The European Union recognises that traditional methods of food production are a valuable and irreplaceable heritage that must be preserved over time. Therefore, Regulation (EC) No. 852/2004 permits a degree of flexibility in its application provided food hygiene goals are not compromised. For decades, both plant and animal-based foods have been produced in Spain which are air-dried outdoors until reaching a low water activity (aw) that enables their preservation at room temperature. These foods include, raisins, dried apricots, dried figs, ñora peppers, dried fish or octopus that are at least partially air-dried, among others.
The Scientific Committee of the Spanish Agency for Food Safety and Nutrition (AESAN) is of the opinion that the processing of naturally dried foods leads to their correct preservation, provided they reach an aw that inhibits the proliferation of pathogenic microorganisms and the production of toxins in them. Some of the stages in the process may cause microbial inactivation.
Above all, it is necessary to ensure the absence of the formation of toxins, with aflatoxins being the ones that have been most frequently identified. Thus, it is considered that the drying should be conducted in the least time possible, ensuring a decrease of aw within the first 2-3 days of below 0.90 to inhibit the development of aflatoxins, and this drying should be continued until aw levels lower than 0.70 are reached, preventing the growth of pathogenic microorganisms that cause spoilage. It is necessary to guarantee suitable hygienic conditions during processing in order to prevent contamination by pathogens and/or toxins.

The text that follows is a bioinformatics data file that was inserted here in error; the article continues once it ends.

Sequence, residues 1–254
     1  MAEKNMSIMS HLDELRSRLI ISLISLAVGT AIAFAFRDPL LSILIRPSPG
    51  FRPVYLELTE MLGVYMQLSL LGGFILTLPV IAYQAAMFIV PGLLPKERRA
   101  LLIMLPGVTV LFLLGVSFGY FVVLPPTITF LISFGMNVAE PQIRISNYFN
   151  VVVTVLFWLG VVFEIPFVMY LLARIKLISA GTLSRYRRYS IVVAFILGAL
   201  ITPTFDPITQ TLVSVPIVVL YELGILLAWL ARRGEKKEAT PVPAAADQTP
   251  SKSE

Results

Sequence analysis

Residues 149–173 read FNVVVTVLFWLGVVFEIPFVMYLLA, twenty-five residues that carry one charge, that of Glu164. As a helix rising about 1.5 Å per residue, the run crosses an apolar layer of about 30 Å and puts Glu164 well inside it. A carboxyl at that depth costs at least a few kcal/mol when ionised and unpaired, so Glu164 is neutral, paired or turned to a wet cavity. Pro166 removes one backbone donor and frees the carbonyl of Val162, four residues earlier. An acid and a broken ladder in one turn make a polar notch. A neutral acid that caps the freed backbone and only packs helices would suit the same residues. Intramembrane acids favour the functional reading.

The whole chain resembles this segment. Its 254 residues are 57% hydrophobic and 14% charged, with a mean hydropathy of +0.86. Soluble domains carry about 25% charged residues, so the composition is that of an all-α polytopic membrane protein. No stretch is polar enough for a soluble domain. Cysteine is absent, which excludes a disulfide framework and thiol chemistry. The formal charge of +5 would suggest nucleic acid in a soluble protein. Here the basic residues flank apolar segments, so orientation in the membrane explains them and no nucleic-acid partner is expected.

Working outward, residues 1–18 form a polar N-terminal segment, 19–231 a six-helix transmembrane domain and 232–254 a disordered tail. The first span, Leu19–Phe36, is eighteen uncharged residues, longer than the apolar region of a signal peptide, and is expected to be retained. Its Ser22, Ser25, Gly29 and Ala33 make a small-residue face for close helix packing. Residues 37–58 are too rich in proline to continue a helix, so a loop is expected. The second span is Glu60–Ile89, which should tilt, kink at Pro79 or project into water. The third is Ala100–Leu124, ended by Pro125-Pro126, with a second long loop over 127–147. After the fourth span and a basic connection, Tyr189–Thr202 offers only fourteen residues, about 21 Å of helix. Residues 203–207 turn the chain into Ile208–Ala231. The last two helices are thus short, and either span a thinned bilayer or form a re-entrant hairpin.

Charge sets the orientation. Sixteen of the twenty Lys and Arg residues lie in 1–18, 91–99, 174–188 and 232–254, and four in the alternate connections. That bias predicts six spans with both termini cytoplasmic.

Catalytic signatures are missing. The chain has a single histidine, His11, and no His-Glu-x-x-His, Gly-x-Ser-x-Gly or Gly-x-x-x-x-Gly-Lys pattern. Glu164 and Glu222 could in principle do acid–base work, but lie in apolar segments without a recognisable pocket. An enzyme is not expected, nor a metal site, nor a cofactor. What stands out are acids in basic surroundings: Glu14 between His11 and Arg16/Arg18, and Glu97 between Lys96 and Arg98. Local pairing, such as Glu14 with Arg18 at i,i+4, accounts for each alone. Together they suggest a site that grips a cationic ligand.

Although they cannot proliferate in the stated preservation conditions, they can remain viable in the final product, therefore they may pose a risk to consumer health. Microorganisms with a low infective dose and those that have been identified in dried products (such as S. aureus and Salmonella) and microbial toxins are especially relevant. Autonomous Communities must monitor compliance with the requirements to ensure that they do not pose a risk in these products.
Although these types of products have a low aw, within the range of 0.6 to 0.8 according to avail-able literature, given that this information is not available for each assessed product, the level of safety reached cannot be established on an individual basis. Additionally, the diverse factors used in some of them (additives and preservatives, pasteurisation processes, etc.) require individual assessment once all the necessary information is available. Therefore, the drying must reach aw levels below 0.70 in the least time possible for these types of products to be considered stable, as given these conditions, there is no scientific evidence that shows that the safety and stability of the dried products are compromised, provided good hygiene practices are maintained during their preservation and storage.
For final levels of aw that are higher, correct preservation may be achieved through a combination of factors which proves that it is effective throughout the shelf life of the product, maintaining the aforementioned appropriate hygiene practices.